Due to an insufficient number of reservations despite an extended deadline, Thursday’s wine tasting and orchard-inspired dinner at Goold Orchards has been cancelled.
Thanks to Pat Bailey and Debbie Rodriguez for their efforts to make this event an annual club outing.
On August 5 in …
1583 –- Sir Humphrey Gilbert establishes the first English colony in North America, at what now is St. John’s, Newfoundland and Labrador.
1735 -– New York Weekly Journal writer John Peter Zenger is acquitted of seditious libel against the royal governor of New York, on the basis that what he had published was true.
1816 –- The British Admiralty dismisses Francis Ronalds’s new invention of the first working electric telegraph as “wholly unnecessary,” preferring to continue using the semaphore.
1861 –- To help pay for the expenses of waging the Civil War, the U.S. government levies the first income tax as part of the Revenue Act of 1861 (3% of all incomes over US $800; rescinded in 1872).
1884 –- The cornerstone for the Statue of Liberty is laid on Bedloe’s Island (later renamed Liberty Island) in New York Harbor.
On August 4 in …
1693 –- This is the date traditionally ascribed to Dom Perignon’s invention of Champagne, although it is not clear whether he actually invented the wine. However, most historians concur he was an innovator who developed the techniques used to perfect sparkling wine.
1783 –- Mount Asama erupts in Japan, killing about 1,400 people. The eruption causes a famine, which results in an additional 20,000 deaths.
1889 –- The Great Fire of Spokane destroys 32 blocks of the Washington city, prompting a mass rebuilding project.
1977 –- President Jimmy Carter signs legislation creating the federal Department of Energy.
1987 -– The Federal Communications Commission (FCC) rescinds the “Fairness Doctrine” which had required radio and television stations to present controversial issues “fairly.”
On August 3 in …
1852 –- Harvard University wins the first boat race with Yale University, the first American intercollegiate athletic event. The racing series continues to this day.
1921 –- Major League Baseball Commissioner Kenesaw Mountain Landis confirms the ban of eight Chicago White Sox players for allegedly fixing the World Series and earning the infamous nickname Black Sox, despite the fact the athletes had been acquitted by a Chicago court.
1946 –- Santa Claus Land, the world’s first themed amusement park, opens in Santa Claus, Indiana.
1949 –- The Basketball Association of America (BAA) and the National Basketball League (NBL) finalize their merger to create the modern National Basketball Association (NBA).
1977 –- Tandy Corporation announces the availability of the TRS-80, one of the world’s first mass-produced personal computers.
On August 2 in …
1610 –- English explorer Henry Hudson, in the employ of Dutch financial backers, sails his ship the Half Moon into what now is known as Hudson Bay, Canada, thinking he had made it through the fabled Northwest Passage to the Pacific Ocean.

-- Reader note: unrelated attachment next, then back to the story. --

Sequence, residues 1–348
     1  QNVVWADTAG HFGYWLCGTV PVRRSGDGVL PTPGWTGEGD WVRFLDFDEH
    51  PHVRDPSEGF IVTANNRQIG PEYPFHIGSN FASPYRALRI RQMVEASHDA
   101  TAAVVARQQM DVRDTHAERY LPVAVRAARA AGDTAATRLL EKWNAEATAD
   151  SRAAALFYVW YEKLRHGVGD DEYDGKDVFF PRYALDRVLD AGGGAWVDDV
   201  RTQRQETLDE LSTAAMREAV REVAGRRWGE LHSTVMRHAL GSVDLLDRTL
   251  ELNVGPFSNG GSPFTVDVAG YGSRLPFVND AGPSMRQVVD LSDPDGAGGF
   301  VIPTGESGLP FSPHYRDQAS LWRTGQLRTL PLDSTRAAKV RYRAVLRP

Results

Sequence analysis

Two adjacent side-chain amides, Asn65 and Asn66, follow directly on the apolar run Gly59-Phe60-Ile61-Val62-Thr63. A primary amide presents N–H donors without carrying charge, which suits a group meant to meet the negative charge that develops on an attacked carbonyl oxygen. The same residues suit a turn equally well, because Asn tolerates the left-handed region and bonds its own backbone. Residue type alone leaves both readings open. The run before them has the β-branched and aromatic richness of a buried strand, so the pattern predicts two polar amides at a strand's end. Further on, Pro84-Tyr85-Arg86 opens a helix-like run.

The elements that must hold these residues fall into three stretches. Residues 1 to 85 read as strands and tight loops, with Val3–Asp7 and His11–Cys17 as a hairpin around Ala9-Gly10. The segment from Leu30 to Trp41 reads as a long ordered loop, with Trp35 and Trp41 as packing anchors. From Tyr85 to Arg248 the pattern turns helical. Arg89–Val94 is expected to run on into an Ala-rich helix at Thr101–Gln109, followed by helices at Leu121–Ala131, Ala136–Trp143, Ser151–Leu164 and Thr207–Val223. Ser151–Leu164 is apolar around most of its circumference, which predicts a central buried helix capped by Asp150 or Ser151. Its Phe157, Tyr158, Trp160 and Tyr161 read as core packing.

1776 -– The Declaration of Independence is formally signed by representatives of the 13 founding states.
1923 –- Vice President Calvin Coolidge becomes President of the United States upon the death of President Warren G. Harding.
1934 –- Adolf Hitler becomes führer — a title meaning “leader” or “guide” — of Germany following the death of President Paul von Hindenburg.
1990 -– The Iraqi army, under Saddam Hussein, invades neighboring Kuwait, an action that touches off the First Gulf War.
On August 1 in …
30 BC -– Octavian, later known as Augustus, enters Alexandria, Egypt, bringing it under the control of the Roman Republic.
1498 –- Christopher Columbus led the first European group to visit what now is Venezuela.
1774 –- British scientist Joseph Priestley discovers oxygen gas, corroborating the prior discovery of this element by the German-Swedish chemist Carl Wilhelm Scheele.
1876 –- Colorado is admitted as the 38th U.S. state.
1981 –- MTV begins broadcasting. Its first video is titled “Video Killed the Radio Star,” by The Buggles.
On July 31 in …
30 BC –- In Egypt, Mark Antony achieves a minor victory over Octavian’s forces in the Battle of Alexandria, but most of his army subsequently deserts, leading to his suicide.
1492 –- Under Queen Isabella and King Ferdinand, the expulsion of all Jews from Spain is begun as the Alhambra Decree takes effect.
1777 –- The Second Continental Congress passes a resolution that the services of Gilbert du Motier “be accepted, and that, in consideration of his zeal, illustrious family and connexions, he have the rank and commission of major-general of the United States.” Du Motier, better known as the Marquis de Lafayette, was two months shy of his 20th birthday.
1790 –- The first U.S. patent is issued, to inventor Samuel Hopkins of Pittsford, VT, for an improvement “in the making of Pot ash and Pearl ash by a new Apparatus and Process.” Potash is one of several salts mined to extract its potassium. Because there was no federal Patent Office at that time, Hopkins received the patent after petitioning for it under the new U.S. patent statute signed into law by President Washington on April 10 of that year.
2012 –- Swimmer Michael Phelps breaks the record set in 1964 by Larisa Latynina for the most medals won at the Olympic Games. He compiled 22 medals (18 gold, 2 silver, 2 bronze medals); the Soviet gymnast had won 14 (6 gold, 5 silver, 3 bronze).